Facebook said Monday an estimated 10 million people in the United States saw ads that have been linked to Russia before and after the presidential election.
The tech firm turned over more than 3,000 ads with ties to a Russian entity known as the Internet Research Agency to congressional investigators looking into whether the country meddled in the U.S. presidential election.
Russian government officials have denied using social media to interfere in the election.
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But Facebook says the ads, which ran between 2015 and 2017, focused on divisive political topics such as gun rights, racial issues and immigration.
Citing privacy concerns, the tech firm hasn’t released the ads to the public. But The Washington Post, citing people familiar with the investigation, reported that one of the ads showed “photographs of an armed black woman “dry firing” a rifle — pulling the trigger of the weapon without a bullet in the chamber.”
The exact purpose of the ad remains unclear to investigators, but they think that it may have been “designed to encourage African American militancy and, at the same time, to stoke fears within white communities,” the media outlet reported.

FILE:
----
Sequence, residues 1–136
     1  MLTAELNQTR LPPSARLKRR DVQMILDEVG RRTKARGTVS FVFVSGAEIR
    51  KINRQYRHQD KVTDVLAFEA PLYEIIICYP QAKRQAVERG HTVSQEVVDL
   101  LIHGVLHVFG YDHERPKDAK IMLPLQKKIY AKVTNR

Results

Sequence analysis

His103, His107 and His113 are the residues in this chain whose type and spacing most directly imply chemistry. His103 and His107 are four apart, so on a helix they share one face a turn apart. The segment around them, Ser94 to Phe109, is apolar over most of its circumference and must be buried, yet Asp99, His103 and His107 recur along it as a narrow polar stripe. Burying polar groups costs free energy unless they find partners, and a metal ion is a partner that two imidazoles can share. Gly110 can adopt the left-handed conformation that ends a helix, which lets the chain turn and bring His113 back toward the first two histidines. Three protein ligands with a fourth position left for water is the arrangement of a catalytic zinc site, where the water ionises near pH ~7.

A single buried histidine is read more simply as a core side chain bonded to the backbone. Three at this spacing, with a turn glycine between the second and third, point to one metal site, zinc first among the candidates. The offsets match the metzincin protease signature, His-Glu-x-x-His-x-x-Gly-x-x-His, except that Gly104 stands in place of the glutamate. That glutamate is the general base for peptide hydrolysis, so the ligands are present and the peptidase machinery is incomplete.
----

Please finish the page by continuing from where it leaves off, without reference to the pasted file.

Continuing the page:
Facebook said that about 44 percent of the ads were seen before the U.S. presidential election.
“The 2016 US election was the first where evidence has been widely reported that foreign actors sought to exploit the internet to influence voter behavior,” wrote Elliot Schrage, Facebook’s Vice President of Policy and Communications in a blog post. “We understand more about how our service was abused and we will continue to investigate to learn all we can.”
Facebook CEO Mark Zuckerberg has also expressed regret for dismissing the idea that misinformation on the social network influenced the election as “crazy.”
Over the weekend, the tech mogul asked for forgiveness for the ways Facebook was used to divide people.
On Monday, Facebook also shared more details about what it’s doing to protect election integrity.
Over the next year, for example, the company is hiring more than 1,000 workers to review ads and investing more in machine learning. About 8 million people report ads to Facebook daily, the company said.
Photo Credit: KAREN BLEIER/AFP/Getty Images
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